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About This Artwork
Goldweight Depicting a Chameleon, 19th/mid-20th century
4.5 x 2.3 x 9.2 cm (1 3/4 x 7/8 x 3 5/8 in.)
Gift of Muriel Kallis Newman, 2007.599
Arts of Africa and the Americas
Not on Display
Weights for measuring gold dust were made and used throughout Ghana and Côte d’Ivoire for more than five centuries, from about 1400 to 1900. These weights are either figurative or abstract and are usually divided into an early period (c. 1400–1700) and a late period (c. 1700–1900). During the late period, an increased variety and number of figurative weights emerged, although abstract weights continued to be made. Although used in economic transactions, the individual pieces could also function symbolically as indicators of wealth when placed on display.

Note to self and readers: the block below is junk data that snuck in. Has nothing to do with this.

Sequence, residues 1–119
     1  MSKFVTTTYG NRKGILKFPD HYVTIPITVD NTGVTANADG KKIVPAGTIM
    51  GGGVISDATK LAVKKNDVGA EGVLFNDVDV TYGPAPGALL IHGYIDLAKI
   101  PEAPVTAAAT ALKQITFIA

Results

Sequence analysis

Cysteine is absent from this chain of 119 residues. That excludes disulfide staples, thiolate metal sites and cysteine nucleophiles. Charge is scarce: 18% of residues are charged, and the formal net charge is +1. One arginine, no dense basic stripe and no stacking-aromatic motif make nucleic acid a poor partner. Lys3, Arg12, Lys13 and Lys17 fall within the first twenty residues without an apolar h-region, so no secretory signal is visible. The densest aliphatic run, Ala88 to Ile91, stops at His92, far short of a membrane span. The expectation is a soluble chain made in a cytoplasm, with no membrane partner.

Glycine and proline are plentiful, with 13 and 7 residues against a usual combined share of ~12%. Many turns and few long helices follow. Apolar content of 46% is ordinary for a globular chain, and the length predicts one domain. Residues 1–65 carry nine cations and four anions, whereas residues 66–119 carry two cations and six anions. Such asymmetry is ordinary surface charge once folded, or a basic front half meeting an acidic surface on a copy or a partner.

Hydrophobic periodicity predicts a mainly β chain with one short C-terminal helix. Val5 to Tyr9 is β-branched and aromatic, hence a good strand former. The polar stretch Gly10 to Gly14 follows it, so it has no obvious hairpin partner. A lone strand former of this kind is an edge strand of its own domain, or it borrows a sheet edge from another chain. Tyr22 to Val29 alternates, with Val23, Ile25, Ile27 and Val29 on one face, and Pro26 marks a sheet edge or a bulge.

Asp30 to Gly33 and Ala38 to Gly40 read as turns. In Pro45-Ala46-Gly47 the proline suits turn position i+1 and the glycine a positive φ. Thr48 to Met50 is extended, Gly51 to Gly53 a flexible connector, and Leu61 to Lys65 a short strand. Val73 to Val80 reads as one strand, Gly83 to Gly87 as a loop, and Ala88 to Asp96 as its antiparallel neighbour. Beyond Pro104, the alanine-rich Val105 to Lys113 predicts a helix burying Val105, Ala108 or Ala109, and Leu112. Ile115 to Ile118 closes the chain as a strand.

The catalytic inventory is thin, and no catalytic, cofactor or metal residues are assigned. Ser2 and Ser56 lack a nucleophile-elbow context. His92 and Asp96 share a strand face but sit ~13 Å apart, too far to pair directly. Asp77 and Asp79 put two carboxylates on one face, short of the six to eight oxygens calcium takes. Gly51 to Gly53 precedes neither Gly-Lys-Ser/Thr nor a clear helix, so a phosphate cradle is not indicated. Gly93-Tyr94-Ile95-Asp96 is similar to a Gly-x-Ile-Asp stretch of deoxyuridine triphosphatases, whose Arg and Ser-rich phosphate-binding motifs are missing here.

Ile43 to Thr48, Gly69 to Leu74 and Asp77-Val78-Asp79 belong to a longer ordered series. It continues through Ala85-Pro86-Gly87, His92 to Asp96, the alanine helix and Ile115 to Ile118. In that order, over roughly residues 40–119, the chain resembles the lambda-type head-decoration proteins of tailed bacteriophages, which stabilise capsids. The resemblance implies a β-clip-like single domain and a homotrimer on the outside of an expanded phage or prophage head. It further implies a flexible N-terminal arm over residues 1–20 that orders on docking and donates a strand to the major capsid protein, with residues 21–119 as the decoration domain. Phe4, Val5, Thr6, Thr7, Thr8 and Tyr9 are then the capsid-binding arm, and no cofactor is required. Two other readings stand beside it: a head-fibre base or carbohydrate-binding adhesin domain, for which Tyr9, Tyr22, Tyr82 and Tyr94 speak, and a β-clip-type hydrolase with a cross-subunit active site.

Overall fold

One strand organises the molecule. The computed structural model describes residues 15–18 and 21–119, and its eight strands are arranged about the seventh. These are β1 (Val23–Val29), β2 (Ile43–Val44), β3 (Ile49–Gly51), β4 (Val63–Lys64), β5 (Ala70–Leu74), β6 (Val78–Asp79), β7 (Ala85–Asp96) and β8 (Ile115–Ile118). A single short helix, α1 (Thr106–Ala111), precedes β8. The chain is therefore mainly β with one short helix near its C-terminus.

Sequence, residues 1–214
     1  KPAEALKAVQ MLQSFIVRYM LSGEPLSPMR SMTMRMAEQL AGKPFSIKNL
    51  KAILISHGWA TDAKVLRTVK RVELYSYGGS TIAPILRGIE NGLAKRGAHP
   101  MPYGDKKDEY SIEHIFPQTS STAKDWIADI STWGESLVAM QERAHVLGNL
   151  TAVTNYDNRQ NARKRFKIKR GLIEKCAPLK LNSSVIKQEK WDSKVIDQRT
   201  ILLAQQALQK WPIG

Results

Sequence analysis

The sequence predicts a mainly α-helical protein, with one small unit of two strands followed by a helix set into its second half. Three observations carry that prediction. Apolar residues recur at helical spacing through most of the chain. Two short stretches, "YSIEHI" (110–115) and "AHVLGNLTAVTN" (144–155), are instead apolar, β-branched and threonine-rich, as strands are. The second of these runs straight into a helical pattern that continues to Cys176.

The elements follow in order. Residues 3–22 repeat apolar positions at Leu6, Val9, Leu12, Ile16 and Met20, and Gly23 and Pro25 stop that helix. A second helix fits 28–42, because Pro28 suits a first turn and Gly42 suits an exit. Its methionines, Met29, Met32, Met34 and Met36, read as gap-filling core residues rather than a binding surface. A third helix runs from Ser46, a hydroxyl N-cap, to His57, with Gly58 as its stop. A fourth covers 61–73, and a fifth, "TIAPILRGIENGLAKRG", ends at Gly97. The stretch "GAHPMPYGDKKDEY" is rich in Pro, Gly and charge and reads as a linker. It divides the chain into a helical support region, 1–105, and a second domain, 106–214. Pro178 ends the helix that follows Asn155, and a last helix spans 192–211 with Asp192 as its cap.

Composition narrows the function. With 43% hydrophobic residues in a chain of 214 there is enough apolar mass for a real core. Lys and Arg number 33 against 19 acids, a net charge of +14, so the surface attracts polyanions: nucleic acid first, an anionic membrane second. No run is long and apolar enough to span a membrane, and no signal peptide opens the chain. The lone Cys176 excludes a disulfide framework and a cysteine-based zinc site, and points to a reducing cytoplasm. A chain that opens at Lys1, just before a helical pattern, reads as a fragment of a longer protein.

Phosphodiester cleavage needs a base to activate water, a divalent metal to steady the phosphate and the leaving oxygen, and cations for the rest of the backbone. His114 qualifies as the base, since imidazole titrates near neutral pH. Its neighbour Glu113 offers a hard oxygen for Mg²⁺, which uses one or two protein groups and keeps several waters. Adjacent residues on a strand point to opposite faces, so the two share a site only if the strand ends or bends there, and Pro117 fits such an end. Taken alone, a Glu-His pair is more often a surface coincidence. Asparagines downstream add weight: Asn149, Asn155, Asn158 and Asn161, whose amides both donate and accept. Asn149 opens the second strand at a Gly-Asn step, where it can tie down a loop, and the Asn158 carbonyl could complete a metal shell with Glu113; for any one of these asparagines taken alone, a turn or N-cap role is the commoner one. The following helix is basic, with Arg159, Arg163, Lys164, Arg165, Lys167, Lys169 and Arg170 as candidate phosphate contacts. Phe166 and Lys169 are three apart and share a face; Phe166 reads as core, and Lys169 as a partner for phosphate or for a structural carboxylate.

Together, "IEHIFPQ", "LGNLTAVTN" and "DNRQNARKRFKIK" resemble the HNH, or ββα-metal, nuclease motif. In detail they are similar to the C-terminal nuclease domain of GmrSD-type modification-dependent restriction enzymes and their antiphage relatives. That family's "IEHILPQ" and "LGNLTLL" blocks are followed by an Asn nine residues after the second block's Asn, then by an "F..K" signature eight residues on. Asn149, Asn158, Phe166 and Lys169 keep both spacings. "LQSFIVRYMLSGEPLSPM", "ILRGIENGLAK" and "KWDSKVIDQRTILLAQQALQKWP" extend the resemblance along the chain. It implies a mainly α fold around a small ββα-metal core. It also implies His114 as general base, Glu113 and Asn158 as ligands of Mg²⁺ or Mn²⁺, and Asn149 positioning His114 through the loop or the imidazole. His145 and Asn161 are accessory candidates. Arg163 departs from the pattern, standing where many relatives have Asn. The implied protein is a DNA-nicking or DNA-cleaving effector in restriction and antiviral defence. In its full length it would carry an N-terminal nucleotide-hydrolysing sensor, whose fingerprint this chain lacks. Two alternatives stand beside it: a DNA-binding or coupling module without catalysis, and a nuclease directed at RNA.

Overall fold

Many types of animals, birds, and reptiles are represented in Akan proverb gold weights. The chameleon, which we see here, is a common symbol of transformation but also of wisdom in many West African societies. This weight is cast in the form of a flat-bodied chameleon standing on four legs with an arched back, protruding eyes, an open mouth, and a coiled tail. Its body is textured with rough hatch marks.
—Permanent Collection Object Description
Muriel Kallis Newman (died 2008), Chicago, Ill., by 1980; given to the Art Institute, 2007.